While reading Paul Britten Austin’s 1812: Napoleon in Moscow, I came across an eyewitness account that is the epitome of what this blog is about. Each person who was an eyewitness to the invasion has his own story. Each had to deal with the weather, the food situation, his clothing, personal injuries or illnesses, where he would sleep, the lack of sleep and so on. Sometimes, it is easy to overlook these mundane, yet critical situations everyone had to confront while participating in the grand strategy. This blog talks very little about the big picture, but instead focuses on the human element and what it was like to be on the campaign of 1812 regardless of rank.
Without further ado, here is the account of Colonel Lubin Griois, colonel of the horse artillery, 3rd Cavalry Corps. Not all members of the Grande Armée spent the occupation inside of Moscow. Griois was southwest of the city, near Winkovo when he dropped his glove “… and neither I nor my orderly had been able to get it back out of the mud my horse’s foot had trampled it into. This loss, so light in any other circumstance, was for me a very cruel one. I would have no chance to make it good, and throughout the retreat I’d only have one glove. I remember, too, that by a sort of superstitious presentiment I regarded being unable to find this object I’d just seen fall at my horse’s feet as a nasty augury of what was to come.”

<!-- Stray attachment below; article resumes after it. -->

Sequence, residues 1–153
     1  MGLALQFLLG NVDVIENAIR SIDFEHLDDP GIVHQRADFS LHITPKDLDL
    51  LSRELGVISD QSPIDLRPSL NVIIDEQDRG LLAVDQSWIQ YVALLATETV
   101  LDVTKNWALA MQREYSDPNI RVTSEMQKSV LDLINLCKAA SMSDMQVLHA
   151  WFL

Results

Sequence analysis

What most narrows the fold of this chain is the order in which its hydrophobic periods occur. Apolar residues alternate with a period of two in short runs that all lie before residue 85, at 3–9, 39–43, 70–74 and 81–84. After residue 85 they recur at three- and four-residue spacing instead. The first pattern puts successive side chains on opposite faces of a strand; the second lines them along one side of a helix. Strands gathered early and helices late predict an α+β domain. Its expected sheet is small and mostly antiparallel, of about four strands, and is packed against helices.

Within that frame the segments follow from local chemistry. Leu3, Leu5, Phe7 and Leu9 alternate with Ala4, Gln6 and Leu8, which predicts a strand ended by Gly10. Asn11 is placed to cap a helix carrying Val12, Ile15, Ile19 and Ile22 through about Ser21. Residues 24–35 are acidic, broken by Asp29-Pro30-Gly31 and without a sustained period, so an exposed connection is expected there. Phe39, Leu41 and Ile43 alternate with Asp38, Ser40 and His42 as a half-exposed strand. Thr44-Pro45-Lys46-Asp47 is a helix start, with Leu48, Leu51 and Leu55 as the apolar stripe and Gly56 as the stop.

While he was digging through the mud for his lost glove, the Colonel wasn’t thinking about his command or how Napoleon’s attempts to make peace with Alexander were going – he was worried about how he was going to keep his hand warm in the coming months.
1812: Napoleon in Moscow, Paul Britten Austin, pp. 79-80.